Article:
Laura C. Parker

McMaster University, Hamilton, Ontario, Canada

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Publications (25)108.03 Total impact

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    ABSTRACT: We present an analysis of galaxies in groups and clusters at 0.8 < z < 1.2, from the GCLASS and GEEC2 spectroscopic surveys. We compute a ‘conversion fraction’ fconvert that represents the fraction of galaxies that were prematurely quenched by their environment. For massive galaxies, Mstar > 1010.3 M⊙, we find fconvert ∼ 0.4 in the groups and ∼0.6 in the clusters, similar to comparable measurements at z = 0. This means the time between first accretion into a more massive halo and final star formation quenching is tp ∼ 2 Gyr. This is substantially longer than the estimated time required for a galaxy's star formation rate to become zero once it starts to decline, suggesting there is a long delay time during which little differential evolution occurs. In contrast with local observations we find evidence that this delay time-scale may depend on stellar mass, with tp approaching tHubble for Mstar ∼ 109.5 M⊙. The result suggests that the delay time must not only be much shorter than it is today, but may also depend on stellar mass in a way that is not consistent with a simple evolution in proportion to the dynamical time. Instead, we find the data are well-matched by a model in which the decline in star formation is due to ‘overconsumption’, the exhaustion of a gas reservoir through star formation and expulsion via modest outflows in the absence of cosmological accretion. Dynamical gas removal processes, which are likely dominant in quenching newly accreted satellites today, may play only a secondary role at z = 1.
    Preview · Article · Nov 2015 · Monthly Notices of the Royal Astronomical Society
  • Ian D. Roberts · Laura C. Parker · Ananthan Karunakaran
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    ABSTRACT: Galaxy morphologies and star-formation rates depend on environment. Galaxies in under-dense regions are generally star-forming and disky whereas galaxies in overdense regions tend to be early-type and not actively forming stars. The mechanism(s) responsible for star-formation quenching and morphological transformation remain unclear, although many processes have been proposed. We study the dependence of star-formation and morphology on X-ray luminosity for galaxies in Sloan Digital Sky Survey Data Release 7 (SDSS-DR7) groups and clusters. While controlling for stellar and halo mass dependencies, we find that galaxies in X-ray strong groups and clusters have preferentially low star-forming and disk fractions -- with the differences being strongest at low stellar masses. The trends that we observe do not change when considering only galaxies found within or outside of the X-ray radius of the host group. When considering central and satellite galaxies separately we find that this dependence on X-ray luminosity is only present for satellites, and we show that our results are consistent with "galaxy stangulation" as a mechanism for quenching these satellites. We investigate the dynamics of the groups and clusters in the sample, and find that the velocity distributions of galaxies beyond the virial radius in low X-ray luminosity halos tend to be less Gaussian in nature than the rest of the data set. This may be indicative of low X-ray luminosity groups and clusters having enhanced populations of star-forming and disk galaxies as a result of recent accretion.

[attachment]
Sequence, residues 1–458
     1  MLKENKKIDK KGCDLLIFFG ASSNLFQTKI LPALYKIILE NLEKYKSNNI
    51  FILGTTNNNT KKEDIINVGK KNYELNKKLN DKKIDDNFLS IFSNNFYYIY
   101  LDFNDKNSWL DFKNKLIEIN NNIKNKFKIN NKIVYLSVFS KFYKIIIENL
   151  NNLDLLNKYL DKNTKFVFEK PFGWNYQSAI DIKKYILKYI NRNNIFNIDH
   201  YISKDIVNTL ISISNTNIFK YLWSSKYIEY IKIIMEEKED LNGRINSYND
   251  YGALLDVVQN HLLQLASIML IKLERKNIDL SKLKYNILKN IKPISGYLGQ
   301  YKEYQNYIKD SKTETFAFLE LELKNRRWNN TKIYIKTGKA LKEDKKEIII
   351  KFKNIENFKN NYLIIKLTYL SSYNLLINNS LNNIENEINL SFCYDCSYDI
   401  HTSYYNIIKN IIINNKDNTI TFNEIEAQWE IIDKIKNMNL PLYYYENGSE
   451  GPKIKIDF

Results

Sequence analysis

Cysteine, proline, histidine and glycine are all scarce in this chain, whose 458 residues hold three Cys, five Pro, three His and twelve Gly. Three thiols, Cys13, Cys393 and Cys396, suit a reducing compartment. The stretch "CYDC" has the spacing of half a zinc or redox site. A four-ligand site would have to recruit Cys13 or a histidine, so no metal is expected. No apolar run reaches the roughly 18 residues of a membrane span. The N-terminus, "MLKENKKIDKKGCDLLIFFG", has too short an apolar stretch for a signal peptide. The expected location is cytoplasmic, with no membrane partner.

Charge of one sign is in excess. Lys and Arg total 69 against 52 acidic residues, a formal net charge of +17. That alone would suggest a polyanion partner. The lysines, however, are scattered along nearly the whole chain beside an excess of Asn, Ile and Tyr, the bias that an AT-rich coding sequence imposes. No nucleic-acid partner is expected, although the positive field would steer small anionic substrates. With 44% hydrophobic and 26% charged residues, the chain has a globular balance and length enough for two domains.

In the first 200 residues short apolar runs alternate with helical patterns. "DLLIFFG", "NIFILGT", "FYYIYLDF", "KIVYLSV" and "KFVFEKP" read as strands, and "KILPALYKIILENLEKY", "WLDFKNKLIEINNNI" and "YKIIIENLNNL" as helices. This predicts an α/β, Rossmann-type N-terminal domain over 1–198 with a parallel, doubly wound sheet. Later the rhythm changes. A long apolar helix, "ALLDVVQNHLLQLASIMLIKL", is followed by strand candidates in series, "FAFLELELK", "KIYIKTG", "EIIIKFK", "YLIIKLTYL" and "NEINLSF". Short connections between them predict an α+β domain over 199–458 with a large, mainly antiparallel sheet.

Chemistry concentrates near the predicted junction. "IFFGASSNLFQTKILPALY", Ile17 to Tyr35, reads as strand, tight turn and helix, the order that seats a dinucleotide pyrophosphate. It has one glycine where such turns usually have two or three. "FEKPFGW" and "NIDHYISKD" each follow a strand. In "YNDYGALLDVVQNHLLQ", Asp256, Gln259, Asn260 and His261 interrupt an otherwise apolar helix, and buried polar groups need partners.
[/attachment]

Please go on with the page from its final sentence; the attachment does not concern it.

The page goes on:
No preview · Article · Nov 2015 · Monthly Notices of the Royal Astronomical Society
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    ABSTRACT: It has been shown that galaxy properties depend strongly on their host environment. In order to understand the relevant physical processes driving galaxy evolution it is important to study the observed properties of galaxies in different environments. Mass segregation in bound galaxy structures is an important indicator of evolutionary history and dynamical friction time-scales. Using group catalogues derived from the Sloan Digital Sky Survey Data Release 7 (SDSS DR7), we investigate mass-segregation trends in galaxy groups at low redshift. We investigate average galaxy stellar mass as a function of group-centric radius and find evidence for weak mass segregation in SDSS groups. The magnitude of the mass segregation depends on both galaxy stellar mass limits and group halo mass. We show that the inclusion of low-mass galaxies tends to strengthen mass-segregation trends, and that the strength of mass segregation tends to decrease with increasing group halo mass. We find the same trends if we use the fraction of massive galaxies as a function of group-centric radius as an alternative probe of mass segregation. The magnitude of mass segregation that we measure, particularly in high-mass haloes, indicates that dynamical friction is not acting efficiently.